The role of DNA methylation in aging, rejuvenation, and age-related disease

Adiv A. Johnson, Kemal Akman, Stuart R.G. Calimport, Daniel Wuttke, Alexandra Stolzing*, João Pedro de Magalhães

*Corresponding author for this work

Research output: Contribution to journalArticle

Abstract

DNA methylation is a major control program that modulates gene expression in a plethora of organisms. Gene silencing through methylation occurs through the activity of DNA methyltransferases, enzymes that transfer a methyl group from S-adenosyl-l-methionine to the carbon 5 position of cytosine. DNA methylation patterns are established by the de novo DNA methyltransferases (DNMTs) DNMT3A and DNMT3B and are subsequently maintained by DNMT1. Aging and age-related diseases include defined changes in 5-methylcytosine content and are generally characterized by genome-wide hypomethylation and promoter-specific hypermethylation. These changes in the epigenetic landscape represent potential disease biomarkers and are thought to contribute to age-related pathologies, such as cancer, osteoarthritis, and neurodegeneration. Some diseases, such as a hereditary form of sensory neuropathy accompanied by dementia, are directly caused by methylomic changes. Epigenetic modifications, however, are reversible and are therefore a prime target for therapeutic intervention. Numerous drugs that specifically target DNMTs are being tested in ongoing clinical trials for a variety of cancers, and data from finished trials demonstrate that some, such as 5-azacytidine, may even be superior to standard care. DNMTs, demethylases, and associated partners are dynamically shaping the methylome and demonstrate great promise with regard to rejuvenation.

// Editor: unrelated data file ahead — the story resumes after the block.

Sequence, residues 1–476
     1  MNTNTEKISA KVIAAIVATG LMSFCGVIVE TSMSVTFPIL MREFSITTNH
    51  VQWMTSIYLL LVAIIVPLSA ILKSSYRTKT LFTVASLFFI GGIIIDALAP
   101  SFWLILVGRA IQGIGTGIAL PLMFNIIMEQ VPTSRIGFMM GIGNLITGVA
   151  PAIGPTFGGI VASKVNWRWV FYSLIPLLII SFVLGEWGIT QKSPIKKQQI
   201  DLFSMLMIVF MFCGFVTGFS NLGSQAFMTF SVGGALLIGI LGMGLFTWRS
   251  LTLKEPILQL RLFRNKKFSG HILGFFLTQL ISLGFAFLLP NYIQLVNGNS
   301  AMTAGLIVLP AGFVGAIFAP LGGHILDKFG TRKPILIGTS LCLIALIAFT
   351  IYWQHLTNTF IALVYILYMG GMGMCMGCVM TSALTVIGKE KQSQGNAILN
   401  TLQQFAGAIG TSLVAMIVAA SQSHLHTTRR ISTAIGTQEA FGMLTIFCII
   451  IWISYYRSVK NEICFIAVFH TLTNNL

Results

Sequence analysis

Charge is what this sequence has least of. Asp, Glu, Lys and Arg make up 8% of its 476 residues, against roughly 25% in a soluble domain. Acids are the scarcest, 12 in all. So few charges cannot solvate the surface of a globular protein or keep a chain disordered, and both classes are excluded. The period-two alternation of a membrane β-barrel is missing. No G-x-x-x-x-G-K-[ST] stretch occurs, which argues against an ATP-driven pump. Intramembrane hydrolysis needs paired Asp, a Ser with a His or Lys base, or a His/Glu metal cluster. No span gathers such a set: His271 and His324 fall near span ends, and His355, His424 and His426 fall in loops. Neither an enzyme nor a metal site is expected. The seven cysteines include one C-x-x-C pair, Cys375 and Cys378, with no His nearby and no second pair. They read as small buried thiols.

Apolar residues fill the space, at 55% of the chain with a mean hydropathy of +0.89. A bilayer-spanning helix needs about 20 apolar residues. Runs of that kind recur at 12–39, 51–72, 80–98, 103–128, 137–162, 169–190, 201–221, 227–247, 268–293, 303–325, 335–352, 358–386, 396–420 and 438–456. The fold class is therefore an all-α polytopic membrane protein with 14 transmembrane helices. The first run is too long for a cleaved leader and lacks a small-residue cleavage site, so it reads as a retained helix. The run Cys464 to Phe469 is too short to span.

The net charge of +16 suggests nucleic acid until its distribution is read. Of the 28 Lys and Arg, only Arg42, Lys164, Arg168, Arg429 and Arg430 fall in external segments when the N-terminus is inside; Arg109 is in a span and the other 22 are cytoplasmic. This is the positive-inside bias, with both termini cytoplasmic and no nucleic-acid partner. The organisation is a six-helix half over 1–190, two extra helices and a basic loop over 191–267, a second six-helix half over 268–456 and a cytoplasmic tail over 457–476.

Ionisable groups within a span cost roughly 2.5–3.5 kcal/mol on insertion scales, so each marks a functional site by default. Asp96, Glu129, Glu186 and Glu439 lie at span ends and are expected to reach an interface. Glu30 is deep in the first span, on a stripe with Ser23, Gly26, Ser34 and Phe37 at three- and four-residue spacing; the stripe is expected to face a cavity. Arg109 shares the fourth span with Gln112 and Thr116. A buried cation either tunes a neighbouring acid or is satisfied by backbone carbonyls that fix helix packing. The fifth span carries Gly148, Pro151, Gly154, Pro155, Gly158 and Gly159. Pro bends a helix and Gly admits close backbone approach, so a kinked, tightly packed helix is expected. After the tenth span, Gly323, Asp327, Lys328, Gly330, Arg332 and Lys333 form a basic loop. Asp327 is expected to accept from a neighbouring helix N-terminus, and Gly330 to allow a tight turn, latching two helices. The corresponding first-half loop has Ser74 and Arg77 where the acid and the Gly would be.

Original languageEnglish
Pages (from-to)483-494
Number of pages12
JournalRejuvenation research
Volume15
Issue number5
DOIs
Publication statusPublished - 25 Oct 2012

Fingerprint

Rejuvenation
Methyltransferases
DNA Methylation
DNA
Epigenomics
Hereditary Sensory and Autonomic Neuropathies
5-Methylcytosine
Azacitidine
Cytosine
Gene Silencing
Osteoarthritis
Methionine
Methylation
Dementia
Neoplasms
Carbon
Biomarkers
Clinical Trials
Genome
Pathology

Cite this

Johnson, A. A., Akman, K., Calimport, S. R. G., Wuttke, D., Stolzing, A., & de Magalhães, J. P. (2012). The role of DNA methylation in aging, rejuvenation, and age-related disease. Rejuvenation research, 15(5), 483-494. https://doi.org/10.1089/rej.2012.1324
Johnson, Adiv A. ; Akman, Kemal ; Calimport, Stuart R.G. ; Wuttke, Daniel ; Stolzing, Alexandra ; de Magalhães, João Pedro. / The role of DNA methylation in aging, rejuvenation, and age-related disease. In: Rejuvenation research. 2012 ; Vol. 15, No. 5. pp. 483-494.
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Johnson, AA, Akman, K, Calimport, SRG, Wuttke, D, Stolzing, A & de Magalhães, JP 2012, 'The role of DNA methylation in aging, rejuvenation, and age-related disease', Rejuvenation research, vol. 15, no. 5, pp. 483-494. https://doi.org/10.1089/rej.2012.1324

The role of DNA methylation in aging, rejuvenation, and age-related disease. / Johnson, Adiv A.; Akman, Kemal; Calimport, Stuart R.G.; Wuttke, Daniel; Stolzing, Alexandra; de Magalhães, João Pedro.

In: Rejuvenation research, Vol. 15, No. 5, 25.10.2012, p. 483-494.

Research output: Contribution to journalArticle

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Johnson AA, Akman K, Calimport SRG, Wuttke D, Stolzing A, de Magalhães JP. The role of DNA methylation in aging, rejuvenation, and age-related disease. Rejuvenation research. 2012 Oct 25;15(5):483-494. https://doi.org/10.1089/rej.2012.1324